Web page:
The COVID-19 action plan for early-stage startups

COVID-19 has birthed an unprecedented norm of social distancing and remote working. While the coronavirus is affecting big and small businesses across the world, it can especially hit early-stage startups badly. Here is what they can during this time.

19th Mar 2020
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We are seeing times that are unprecedented. It’s doubly hard for early-stage startups that, in any case, function in tumultuous times life. These macro shocks cause just more distress. Over the last seven to 10 days, I have been on non-stop calls/Zoom conferencing with founders of our early-stage portfolio companies and my friends in the startup world, brainstorming with them on how best to navigate this new world.


action plan

Below is a starter list of ideas I have collated from all those conversations. Some of these may seem obvious and hopefully you are already implementing them. Not all of them will be applicable to you. And there would be many more that you are applying on an individual level. The idea is to share the common threads I picked up for everyone to build on top of.


Special thanks to my buddy Chirayu Wadke at Google Cloud, Singapore who helped put this together.

Employee safety

  • Have a work-from-home (WFH) plan in place with video calls. Keep the office premises sanitised.
  • Ask yourself if you are okay to let revenue dip for the sake of your employees. The answer should be a yes.
  • Offer health benefits to employees, maybe get a one-time blanket package just for COVID-19 or for the next 12 months at least.




Shore up revenue

  • If you are a B2C company, try to get your customers to buy yearly “prime” like memberships at a bargain. You get some cash today and also lock in customer when demand comes back up.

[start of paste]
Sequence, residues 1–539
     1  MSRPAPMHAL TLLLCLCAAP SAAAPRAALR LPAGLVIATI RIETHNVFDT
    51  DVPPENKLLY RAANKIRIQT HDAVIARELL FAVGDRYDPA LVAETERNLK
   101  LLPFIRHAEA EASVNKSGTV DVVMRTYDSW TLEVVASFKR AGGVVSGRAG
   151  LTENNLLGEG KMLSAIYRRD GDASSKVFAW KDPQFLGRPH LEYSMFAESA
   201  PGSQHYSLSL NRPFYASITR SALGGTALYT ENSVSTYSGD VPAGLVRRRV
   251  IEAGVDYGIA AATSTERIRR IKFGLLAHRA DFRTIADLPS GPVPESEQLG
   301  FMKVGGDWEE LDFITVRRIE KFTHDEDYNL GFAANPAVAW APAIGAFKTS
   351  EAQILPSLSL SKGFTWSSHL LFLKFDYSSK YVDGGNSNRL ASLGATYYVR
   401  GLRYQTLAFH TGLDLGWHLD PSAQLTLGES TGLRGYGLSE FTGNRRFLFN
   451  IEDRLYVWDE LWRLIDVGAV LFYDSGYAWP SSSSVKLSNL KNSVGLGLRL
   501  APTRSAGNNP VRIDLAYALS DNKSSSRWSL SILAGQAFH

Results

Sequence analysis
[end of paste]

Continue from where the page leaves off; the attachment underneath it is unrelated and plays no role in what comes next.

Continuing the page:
• If you are a B2B2C company, co-build these offers with your partner brands.
  • If you are a B2B company, speed up contract closure with discount/free offers for six months but pay today for a year/top of the stack feature bundle at rock bottom plan.

Burn and capital

  • Reduce your burn –You need to have 12months+ cash in an ideal world
  • Reduce all variable costs including marketing as much as possible since revenue uptick will be low. We don’t know how long this will last but you need to alive at the end of it.
  • If you have a decent amount of cash, raise (venture) debt to supplement it.
  • Sign up for any government waivers or grants form large tech companies (Facebook/Google/Amazon) that you can avail. The government wants the economy chugging along, while large tech firms want to help keep their customers stay alive.

Build the business

  • Keep an eye out for hiring great candidates who are getting laid off in other companies.
  • Build unique campaigns making use of the lower ad rates in the market. Build brands when everyone is sleeping.
  • Focus on finishing off all the product and tech roadmaps that you never got to because customer issues always took priority. Remember, Mandela wrote books in jail.
  • Lock down any procurement deals that may be sweeter today since your counter-party would also be in a stress. Don’t feel guilty, you would be helping that business shore up revenue.

The tough questions

This a right time for hard pivots. If your product is not already doing well and you are hitting wall you might as well use this time to pivot completely to another idea. 
  • Shut down some part of the business that you always felt close to but never felt like closing. This might be the trigger you were waiting for
  • Don’t worry about what future investors will think. Any actions taken today would be justifiable. Remember these are unprecedented times.


(Edited by Evelyn Ratnakumar)

(Disclaimer: The views and opinions expressed in this article are those of the author and do not necessarily reflect the views of YourStory.)

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